Plausible
Plausible Plau"si*ble, a. [L. plausibilis praiseworthy, from plaudere, plausum, to applaud, clap the hands, strike, beat.] 1. Worthy of being applauded; praiseworthy; commendable; ready. [Obs.] --Bp. Hacket. [1913 Webster]

2. Obtaining approbation; specifically pleasing; apparently right; specious; as, a plausible pretext; plausible manners; a plausible delusion. ``Plausible and popular arguments.'' --Clarendon. [1913 Webster]

3. Using specious arguments or discourse; as, a plausible speaker. [1913 Webster] [1913 Webster]

Syn: {Plausible}, {Specious}.

Usage: Plausible denotes that which seems reasonable, yet leaves distrust in the judgment. Specious describes that which presents a fair appearance to the view and yet covers something false. Specious refers more definitely to the act or purpose of false representation; plausible has more reference to the effect on the beholder or hearer. An argument may by specious when it is not plausible because its sophistry is so easily discovered. [1913 Webster]


The Collaborative International Dictionary of English. 2000.

Synonyms:

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  • plausible — [ plozibl ] adj. • 1552; lat. plausibilis « digne d être applaudi » ♦ Qui semble devoir être admis. ⇒ admissible, vraisemblable. Caractère plausible d un événement. Cause, raison très plausible. ⇒ probable. « Ce motif n était pas le véritable,… …   Encyclopédie Universelle

  • plausible — plausible, credible, believable, colorable, specious are comparable when they mean capable of impressing the observer, auditor, or reader as truly or genuinely possessing the quality or character that is set forth or claimed. A thing or sometimes …   New Dictionary of Synonyms

  • plausible — PLAUSIBLE. adj. de tout genre. Specieux, qui peut passer pour bon. Il ne se dit guere que des raisons, des pretextes. Raison plausible. pretexte plausible …   Dictionnaire de l'Académie française

  • plausible — [plô′zə bəl] adj. [L plausibilis < plaudere, to applaud] 1. seemingly true, acceptable, etc.: often implying disbelief 2. seemingly honest, trustworthy, etc.: often implying distrust plausibility n. plausibleness plausibly adv. SYN. PLAUSIBLE… …   English World dictionary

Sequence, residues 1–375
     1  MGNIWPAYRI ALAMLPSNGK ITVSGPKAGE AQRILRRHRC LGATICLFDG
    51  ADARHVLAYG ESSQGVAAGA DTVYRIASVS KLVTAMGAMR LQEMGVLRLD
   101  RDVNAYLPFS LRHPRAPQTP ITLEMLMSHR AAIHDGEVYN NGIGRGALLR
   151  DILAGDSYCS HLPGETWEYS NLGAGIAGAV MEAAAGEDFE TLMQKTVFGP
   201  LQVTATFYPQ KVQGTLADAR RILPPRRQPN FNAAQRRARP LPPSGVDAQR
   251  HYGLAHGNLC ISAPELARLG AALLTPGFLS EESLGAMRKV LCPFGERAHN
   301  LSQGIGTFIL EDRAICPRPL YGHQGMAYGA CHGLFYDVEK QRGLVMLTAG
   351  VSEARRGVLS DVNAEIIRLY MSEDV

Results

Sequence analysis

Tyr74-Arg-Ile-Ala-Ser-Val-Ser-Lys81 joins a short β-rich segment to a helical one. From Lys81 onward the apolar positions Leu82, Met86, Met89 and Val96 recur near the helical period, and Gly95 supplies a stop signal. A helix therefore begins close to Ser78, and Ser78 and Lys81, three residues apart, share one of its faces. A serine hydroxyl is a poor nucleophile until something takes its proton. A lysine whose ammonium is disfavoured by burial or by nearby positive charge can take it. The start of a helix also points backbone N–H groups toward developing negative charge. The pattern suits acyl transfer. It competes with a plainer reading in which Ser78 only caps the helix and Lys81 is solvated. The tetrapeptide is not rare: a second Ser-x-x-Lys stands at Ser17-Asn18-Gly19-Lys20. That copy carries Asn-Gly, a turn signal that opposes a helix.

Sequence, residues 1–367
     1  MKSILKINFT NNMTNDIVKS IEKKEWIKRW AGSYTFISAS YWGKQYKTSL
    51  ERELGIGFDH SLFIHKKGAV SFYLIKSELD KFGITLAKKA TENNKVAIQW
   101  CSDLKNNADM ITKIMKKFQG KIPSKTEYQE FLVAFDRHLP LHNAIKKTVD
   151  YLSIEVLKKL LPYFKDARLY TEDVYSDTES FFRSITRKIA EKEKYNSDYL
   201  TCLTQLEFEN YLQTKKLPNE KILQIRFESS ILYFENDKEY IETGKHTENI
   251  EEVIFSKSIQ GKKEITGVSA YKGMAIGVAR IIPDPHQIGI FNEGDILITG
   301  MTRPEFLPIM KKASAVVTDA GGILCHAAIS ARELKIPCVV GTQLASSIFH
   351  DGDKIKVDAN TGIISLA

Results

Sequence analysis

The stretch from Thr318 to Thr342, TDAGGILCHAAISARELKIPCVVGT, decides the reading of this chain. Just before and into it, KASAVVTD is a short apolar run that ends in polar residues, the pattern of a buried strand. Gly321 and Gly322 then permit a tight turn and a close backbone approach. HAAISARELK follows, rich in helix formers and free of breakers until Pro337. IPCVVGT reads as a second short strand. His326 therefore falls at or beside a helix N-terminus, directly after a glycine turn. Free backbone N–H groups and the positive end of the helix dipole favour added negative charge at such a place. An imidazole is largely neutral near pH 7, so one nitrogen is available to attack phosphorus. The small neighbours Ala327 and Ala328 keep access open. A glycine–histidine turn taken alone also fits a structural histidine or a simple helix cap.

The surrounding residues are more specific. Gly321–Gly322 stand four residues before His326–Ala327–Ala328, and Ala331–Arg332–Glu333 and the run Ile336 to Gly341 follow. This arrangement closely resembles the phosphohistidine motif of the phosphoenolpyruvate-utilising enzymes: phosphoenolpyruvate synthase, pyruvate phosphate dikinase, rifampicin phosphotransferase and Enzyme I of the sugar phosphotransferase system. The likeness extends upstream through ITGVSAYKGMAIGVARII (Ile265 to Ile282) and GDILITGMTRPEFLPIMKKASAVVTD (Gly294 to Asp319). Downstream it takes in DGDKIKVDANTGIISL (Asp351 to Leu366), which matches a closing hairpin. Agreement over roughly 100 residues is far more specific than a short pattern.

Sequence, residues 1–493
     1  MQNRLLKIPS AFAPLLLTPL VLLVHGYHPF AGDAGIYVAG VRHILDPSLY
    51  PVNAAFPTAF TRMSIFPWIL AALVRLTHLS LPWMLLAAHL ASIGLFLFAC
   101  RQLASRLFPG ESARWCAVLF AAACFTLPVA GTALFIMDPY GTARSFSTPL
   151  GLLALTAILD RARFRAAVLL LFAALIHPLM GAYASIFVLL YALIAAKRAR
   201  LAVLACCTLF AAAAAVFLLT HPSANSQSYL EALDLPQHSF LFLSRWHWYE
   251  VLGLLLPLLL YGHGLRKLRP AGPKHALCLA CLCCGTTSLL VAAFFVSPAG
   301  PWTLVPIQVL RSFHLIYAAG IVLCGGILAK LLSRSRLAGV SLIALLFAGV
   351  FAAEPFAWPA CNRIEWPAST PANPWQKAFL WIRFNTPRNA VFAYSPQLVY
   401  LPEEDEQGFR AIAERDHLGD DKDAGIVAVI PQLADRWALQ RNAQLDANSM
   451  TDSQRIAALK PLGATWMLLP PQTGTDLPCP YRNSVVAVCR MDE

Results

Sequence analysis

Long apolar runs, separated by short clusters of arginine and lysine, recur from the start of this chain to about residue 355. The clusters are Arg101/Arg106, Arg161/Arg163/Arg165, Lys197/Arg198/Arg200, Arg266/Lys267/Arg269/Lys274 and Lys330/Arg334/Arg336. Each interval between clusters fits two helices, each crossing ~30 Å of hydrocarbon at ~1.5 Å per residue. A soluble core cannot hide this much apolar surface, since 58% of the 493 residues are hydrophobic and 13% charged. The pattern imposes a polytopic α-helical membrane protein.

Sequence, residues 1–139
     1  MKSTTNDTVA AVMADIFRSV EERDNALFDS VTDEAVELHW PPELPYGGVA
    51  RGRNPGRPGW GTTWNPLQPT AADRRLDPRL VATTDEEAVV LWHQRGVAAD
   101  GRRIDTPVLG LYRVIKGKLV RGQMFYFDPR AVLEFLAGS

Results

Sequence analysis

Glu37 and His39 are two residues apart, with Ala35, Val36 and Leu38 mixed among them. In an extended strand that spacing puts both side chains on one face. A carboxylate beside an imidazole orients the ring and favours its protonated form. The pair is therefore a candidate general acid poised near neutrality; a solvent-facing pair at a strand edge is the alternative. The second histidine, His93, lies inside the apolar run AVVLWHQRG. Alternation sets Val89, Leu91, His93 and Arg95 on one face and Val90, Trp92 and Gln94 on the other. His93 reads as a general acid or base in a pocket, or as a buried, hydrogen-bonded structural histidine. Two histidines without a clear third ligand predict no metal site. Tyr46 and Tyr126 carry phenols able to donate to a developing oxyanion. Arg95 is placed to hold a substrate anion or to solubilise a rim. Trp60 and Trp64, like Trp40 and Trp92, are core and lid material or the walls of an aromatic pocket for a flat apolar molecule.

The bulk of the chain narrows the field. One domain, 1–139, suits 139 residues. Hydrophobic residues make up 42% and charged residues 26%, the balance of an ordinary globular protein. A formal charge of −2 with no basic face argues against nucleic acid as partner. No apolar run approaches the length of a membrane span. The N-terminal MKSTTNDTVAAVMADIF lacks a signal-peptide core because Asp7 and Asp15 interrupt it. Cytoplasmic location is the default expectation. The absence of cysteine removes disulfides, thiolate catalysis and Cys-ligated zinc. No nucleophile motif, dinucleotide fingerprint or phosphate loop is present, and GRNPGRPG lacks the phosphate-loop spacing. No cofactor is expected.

• plausible — ► ADJECTIVE 1) seeming reasonable or probable. 2) skilled at producing persuasive or deceptive arguments: a plausible liar. DERIVATIVES plausibility noun plausibly adverb. ORIGIN originally in the sense «deserving applause»: from Latin plaudere… …   English terms dictionary

  • plausible — I adjective accepted, apparent, arguable, believable, cogitable, colorable, commanding belief, conceivable, conjecturable, convincing, credible, defensible, demanding belief, deserving belief, feasible, grantable, imaginable, justifiable,… …   Law dictionary

  • plausible — (adj.) 1540s, acceptable, agreeable, from L. plausibilis deserving applause, acceptable, from pp. stem of plaudere to applaud (see PLAUDIT (Cf. plaudit)). Meaning having the appearance of truth is recorded from 1560s. Related: Plausibility;… …   Etymology dictionary

  • plausible — [adj] reasonable, believable conceivable, credible, creditable, like enough*, likely, logical, persuasive, possible, presumable, probable, smooth, sound, supposable, tenable, valid, very likely; concept 552 Ant. implausible, improbable,… …   New thesaurus

  • plausible — (Del lat. plausibĭlis). 1. adj. Digno o merecedor de aplauso. 2. Atendible, admisible, recomendable. Hubo para ello motivos plausibles …   Diccionario de la lengua española

  • plausible — adj. 1) plausible to + inf. (it is plausible to assume that they will not accept our invitation) 2) plausible that + clause (it s plausible that most of the voters will not support this referendum) * * * [ plɔːzəb(ə)l] plausible to + inf. (it is… …   Combinatory dictionary

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